Despite the perfect score line Pica was pushed hard through the event to defend the North Challenge Plate in their usual style.
The final event of the UK and European Grand Prix series, as well as being the UK National Championships will be Plymouth. The Grand finale is to be hosted by the Royal Western Yacht Club and the Mount Batten Centre on the 28th - 30th September. With 10 teams already confirmed and some autumn breeze, it could well be a cracker and the largest 18ft skiff event seen in the UK for over 5 years. -- Ben Clothier, Mason Woodworth
Cherbourg Race The Decider
The 2012 RORC Season's Points Championship came to a dramatic conclusion in Cherbourg in the early hours of Saturday morning. 278 yachts have competed in the ten race series, which was won overall by the smallest margin imaginable.
Piet Vroon's Ker 46, Tonnerre de Breskens, completed the 78-mile race to Cherbourg in less than eight hours to win the last race of the RORC Season's Points Championship. However, Laurent Gouy's Ker 39, Inis Mor, claimed fifth overall in the Cherbourg race to win the seven month series by a single place. If Inis Mor had come sixth, the championship would have gone to Tonnerre de Breskens for an unprecedented third season in a row.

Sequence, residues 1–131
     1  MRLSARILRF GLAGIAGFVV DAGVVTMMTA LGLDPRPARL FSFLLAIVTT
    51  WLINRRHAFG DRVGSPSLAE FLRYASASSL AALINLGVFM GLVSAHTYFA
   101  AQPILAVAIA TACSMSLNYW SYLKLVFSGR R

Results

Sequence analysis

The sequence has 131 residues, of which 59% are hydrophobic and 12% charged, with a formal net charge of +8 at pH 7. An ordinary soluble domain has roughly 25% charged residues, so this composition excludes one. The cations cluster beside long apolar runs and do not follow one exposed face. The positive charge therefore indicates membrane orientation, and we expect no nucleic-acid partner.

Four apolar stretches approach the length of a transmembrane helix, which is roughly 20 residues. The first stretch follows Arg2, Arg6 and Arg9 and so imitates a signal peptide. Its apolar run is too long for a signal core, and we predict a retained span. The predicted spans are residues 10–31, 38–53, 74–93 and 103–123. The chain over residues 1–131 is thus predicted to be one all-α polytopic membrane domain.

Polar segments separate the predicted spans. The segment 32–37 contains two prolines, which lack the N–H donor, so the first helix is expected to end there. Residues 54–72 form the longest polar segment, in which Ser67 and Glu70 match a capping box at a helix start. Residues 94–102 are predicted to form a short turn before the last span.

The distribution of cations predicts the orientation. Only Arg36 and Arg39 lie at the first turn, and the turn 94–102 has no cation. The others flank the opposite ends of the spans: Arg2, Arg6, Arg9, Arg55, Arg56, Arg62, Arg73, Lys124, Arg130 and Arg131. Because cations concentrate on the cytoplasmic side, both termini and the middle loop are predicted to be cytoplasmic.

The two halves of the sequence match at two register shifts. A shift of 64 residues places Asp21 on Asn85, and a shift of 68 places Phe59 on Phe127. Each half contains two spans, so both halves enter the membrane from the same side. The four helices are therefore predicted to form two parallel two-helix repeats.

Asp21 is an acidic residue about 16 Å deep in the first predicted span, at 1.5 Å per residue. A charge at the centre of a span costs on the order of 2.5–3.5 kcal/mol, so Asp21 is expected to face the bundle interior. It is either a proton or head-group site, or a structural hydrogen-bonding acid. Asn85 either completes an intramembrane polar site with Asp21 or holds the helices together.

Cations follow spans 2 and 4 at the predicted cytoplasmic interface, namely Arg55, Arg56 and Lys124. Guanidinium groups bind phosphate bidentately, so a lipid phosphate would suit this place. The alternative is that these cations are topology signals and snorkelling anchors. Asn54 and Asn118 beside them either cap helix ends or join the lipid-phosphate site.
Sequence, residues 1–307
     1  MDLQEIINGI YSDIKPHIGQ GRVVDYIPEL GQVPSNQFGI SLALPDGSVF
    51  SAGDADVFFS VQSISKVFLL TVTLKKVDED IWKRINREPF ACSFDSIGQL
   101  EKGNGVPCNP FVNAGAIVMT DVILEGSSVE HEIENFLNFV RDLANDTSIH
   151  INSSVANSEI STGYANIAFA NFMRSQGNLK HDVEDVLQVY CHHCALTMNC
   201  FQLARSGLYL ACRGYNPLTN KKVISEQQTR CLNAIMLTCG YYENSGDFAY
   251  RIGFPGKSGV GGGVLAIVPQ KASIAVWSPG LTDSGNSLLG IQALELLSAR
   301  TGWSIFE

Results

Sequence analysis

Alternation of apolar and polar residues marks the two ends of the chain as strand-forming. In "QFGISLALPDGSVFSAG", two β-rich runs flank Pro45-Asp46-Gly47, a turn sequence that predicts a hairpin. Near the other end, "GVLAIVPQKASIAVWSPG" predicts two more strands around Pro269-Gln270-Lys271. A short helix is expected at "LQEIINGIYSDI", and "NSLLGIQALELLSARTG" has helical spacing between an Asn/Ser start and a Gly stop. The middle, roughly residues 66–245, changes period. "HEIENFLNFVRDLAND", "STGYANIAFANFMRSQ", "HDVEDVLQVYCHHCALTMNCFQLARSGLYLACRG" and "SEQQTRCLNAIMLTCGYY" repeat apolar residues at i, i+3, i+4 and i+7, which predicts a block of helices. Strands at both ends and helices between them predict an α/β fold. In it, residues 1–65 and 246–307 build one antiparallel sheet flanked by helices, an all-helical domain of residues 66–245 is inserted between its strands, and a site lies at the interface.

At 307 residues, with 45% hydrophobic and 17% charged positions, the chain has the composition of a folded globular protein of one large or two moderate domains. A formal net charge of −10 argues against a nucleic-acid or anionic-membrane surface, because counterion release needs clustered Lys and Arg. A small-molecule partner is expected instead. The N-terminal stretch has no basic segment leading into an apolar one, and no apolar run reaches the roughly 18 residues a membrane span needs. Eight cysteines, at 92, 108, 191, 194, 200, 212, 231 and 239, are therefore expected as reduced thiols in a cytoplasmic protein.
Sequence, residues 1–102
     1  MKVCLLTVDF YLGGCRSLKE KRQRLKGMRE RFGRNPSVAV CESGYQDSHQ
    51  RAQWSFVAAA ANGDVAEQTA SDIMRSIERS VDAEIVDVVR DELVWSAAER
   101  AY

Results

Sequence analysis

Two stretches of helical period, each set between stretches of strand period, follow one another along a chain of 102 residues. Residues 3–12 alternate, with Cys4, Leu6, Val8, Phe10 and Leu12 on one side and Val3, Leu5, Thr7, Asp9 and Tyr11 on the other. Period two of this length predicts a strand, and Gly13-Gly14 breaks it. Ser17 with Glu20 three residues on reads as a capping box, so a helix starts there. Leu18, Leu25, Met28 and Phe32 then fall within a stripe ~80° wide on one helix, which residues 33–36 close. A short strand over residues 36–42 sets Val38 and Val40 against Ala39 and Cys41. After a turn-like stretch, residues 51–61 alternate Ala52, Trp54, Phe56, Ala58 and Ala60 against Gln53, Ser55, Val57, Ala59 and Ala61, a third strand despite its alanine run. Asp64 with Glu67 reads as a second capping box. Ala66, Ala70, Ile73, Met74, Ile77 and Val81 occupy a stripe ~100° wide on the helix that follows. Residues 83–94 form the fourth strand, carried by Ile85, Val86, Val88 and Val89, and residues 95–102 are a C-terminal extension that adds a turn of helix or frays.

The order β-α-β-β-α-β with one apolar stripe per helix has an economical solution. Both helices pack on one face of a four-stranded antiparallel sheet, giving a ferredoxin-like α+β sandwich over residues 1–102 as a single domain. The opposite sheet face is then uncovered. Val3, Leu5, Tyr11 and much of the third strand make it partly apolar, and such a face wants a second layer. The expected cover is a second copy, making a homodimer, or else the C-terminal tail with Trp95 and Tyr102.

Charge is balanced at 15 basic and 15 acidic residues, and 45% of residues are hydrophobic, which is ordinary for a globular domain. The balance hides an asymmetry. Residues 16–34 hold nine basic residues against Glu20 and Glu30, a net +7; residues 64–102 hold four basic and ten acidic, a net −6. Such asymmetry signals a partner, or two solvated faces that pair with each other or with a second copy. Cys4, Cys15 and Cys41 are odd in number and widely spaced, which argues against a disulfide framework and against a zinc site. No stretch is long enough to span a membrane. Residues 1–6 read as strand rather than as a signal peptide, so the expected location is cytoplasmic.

Two former Commodores had an epic battle in IRC Two, Andrew McIrvine's First 40, La Reponse, won the race from Peter Rutter's Grand Soleil 43, Trustmarque Quokka, skippered by Philippe Falle. The two yachts enjoyed a close duel through the night with La Reponse crossing the line barely three minutes ahead to secure second place overall for the season.
In IRC Three Jean Pierre Kelbert and Pascal Loison's JPK 10.10, Leon, racing Two-Handed, took line honours and the win on corrected time. Nick Martin's fairy tale season came to an end racing his J/105, Diablo-J. A second place in the race secured the IRC Three and Two-Handed titles for the season and a magnificent third overall for the RORC Season's Points Championship. Diablo-J enjoyed a very close battle to Cherbourg with Christopher Palmer's J/109, J-T'Aime, which claimed third by just 13 seconds.